In recent dealings with a number of businesses, I have been surprised at the high level of finance people actually running the company concerned. I know there is meant to be a good working relationship between the Managing Director and the Finance Director (or CEO and CFO if the ego needs to be massaged) but the roles are completely different and neither has the ability to effectively do the others job.
I understand this situation comes about from the founder/MD leaving the business and the remaining shareholders look for a ‘safe’ pair of hands to carry on running the business. From a purely financial perspective then, it looks like a good idea to offer the role to the Finance Director. The problem is that running a company requires the ability to deal with many unknowns, grey areas and people – all of which are not predictable or have one way of being dealt with. Exactly the opposite to running a finance department which essentially comes down to the rule of maths, which is black and white, and even some clever dealing with HMRC or investors have its limits.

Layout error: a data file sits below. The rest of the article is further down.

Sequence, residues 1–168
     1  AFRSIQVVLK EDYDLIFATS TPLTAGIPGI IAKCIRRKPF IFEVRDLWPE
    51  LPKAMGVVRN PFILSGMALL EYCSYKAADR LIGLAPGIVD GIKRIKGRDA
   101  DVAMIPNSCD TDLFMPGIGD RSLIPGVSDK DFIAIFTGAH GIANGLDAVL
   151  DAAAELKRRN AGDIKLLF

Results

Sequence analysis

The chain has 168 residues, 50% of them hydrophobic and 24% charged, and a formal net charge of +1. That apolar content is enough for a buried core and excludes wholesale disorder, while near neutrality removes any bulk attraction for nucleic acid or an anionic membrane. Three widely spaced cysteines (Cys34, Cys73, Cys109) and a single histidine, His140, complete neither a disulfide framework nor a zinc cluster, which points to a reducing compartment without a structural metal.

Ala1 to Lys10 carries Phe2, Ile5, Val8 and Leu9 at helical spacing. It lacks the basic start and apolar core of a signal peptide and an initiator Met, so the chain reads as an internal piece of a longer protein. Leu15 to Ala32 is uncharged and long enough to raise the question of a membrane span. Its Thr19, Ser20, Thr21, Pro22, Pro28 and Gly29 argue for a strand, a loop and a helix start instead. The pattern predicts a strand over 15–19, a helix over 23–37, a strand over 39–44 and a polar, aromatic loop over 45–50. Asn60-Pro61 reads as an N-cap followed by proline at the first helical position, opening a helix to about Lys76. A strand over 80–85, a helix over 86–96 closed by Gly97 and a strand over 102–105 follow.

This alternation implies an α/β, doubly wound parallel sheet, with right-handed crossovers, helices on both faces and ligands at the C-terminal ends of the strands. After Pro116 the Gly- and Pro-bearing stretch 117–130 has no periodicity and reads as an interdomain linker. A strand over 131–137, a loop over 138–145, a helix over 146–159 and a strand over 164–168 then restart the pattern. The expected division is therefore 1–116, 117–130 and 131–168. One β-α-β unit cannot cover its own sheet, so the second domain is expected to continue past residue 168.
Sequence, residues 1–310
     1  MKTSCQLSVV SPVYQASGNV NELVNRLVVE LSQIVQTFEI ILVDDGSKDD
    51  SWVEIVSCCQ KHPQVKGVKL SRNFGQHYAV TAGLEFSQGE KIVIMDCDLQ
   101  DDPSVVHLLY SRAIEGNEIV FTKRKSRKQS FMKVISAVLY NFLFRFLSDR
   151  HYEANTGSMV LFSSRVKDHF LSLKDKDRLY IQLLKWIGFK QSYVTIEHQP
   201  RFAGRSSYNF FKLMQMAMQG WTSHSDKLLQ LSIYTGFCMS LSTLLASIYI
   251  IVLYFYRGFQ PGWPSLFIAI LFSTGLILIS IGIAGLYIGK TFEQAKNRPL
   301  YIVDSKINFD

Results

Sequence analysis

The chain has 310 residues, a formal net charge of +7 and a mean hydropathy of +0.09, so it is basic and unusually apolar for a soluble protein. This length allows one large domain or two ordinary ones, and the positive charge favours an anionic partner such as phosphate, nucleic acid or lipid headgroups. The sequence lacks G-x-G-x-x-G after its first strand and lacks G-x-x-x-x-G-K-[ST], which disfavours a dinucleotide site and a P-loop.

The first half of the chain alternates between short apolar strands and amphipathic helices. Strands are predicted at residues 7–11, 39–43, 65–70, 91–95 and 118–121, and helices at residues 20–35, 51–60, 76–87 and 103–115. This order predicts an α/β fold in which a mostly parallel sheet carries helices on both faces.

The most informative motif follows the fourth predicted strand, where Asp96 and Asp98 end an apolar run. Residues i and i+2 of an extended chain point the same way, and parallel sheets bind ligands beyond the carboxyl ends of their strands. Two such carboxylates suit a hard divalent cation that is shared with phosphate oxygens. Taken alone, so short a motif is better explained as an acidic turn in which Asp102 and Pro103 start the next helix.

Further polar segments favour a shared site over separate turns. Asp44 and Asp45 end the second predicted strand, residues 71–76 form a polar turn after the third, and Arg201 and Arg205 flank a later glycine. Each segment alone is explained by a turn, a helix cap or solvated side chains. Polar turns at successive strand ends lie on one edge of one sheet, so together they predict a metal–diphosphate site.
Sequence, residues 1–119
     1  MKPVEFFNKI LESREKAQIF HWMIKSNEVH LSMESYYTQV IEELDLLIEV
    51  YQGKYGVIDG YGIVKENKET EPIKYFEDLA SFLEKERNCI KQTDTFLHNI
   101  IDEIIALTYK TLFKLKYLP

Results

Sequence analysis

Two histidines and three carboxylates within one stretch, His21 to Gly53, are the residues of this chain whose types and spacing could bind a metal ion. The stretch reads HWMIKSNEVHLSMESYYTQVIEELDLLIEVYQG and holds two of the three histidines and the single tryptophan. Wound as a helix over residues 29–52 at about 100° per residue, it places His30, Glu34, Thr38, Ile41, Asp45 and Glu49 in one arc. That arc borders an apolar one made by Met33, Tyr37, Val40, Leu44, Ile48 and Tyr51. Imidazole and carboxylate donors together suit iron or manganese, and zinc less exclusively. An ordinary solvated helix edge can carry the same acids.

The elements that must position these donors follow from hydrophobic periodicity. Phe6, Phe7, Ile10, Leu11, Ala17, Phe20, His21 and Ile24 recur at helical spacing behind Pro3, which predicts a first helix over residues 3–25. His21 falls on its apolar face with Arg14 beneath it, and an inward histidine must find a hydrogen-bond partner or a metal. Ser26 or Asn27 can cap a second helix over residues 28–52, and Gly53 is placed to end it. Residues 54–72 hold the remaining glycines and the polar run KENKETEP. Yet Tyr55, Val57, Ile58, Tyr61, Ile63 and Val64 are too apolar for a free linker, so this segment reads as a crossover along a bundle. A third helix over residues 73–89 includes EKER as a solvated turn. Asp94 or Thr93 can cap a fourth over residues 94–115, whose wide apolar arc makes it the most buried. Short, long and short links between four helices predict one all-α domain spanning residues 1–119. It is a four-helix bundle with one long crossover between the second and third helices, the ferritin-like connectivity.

The problem is that the decisions necessary to take a business forward don’t always make sense or can be rationalised. Ultimately some of the best advances are down to new ideas, gut instincts and risk. When a business looses this momentum it starts to stand still and no longer breaks new ground. Granted costs can be cut and margins grown but ultimately no business can be run on financial measures alone.
Much better in my mind to look elsewhere in the business, or even outside, to find someone to support the FD, who still knows the business, but is willing to question procedures and take some risks.
Piers, I think you’re right in that Finance Directors are promoted more frequently than those from other functions – though I have no data to support it. I also think that your points, though correct, apply to people coming from any part of the business…particularly if they come from that part exclusively. MDs need to be incredibly flexible, as I’m sure you know better than me. They need to balance the needs of shareholders with those of customers, employees, society. They have to have vision…but also the capacity to understand implementation and how to communicate and effect change.
Saying that accountants can’t run successful companies is as true as saying that a strategist can’t run successful companies. Neither can a brilliant logistician or marketeer. You need someone with an intriguing blend of skills and, maybe most importantly, the ability to build a strong team that supports them where they’re weak. And some of those wonderfully adaptable people, mind, may well have trained as accountants.
Good points – I think I hit a nerve with this post, had quite a few people complain! Definitely don’t feel I necessarily have the skills but you are right any person going into that role would find it a challenge.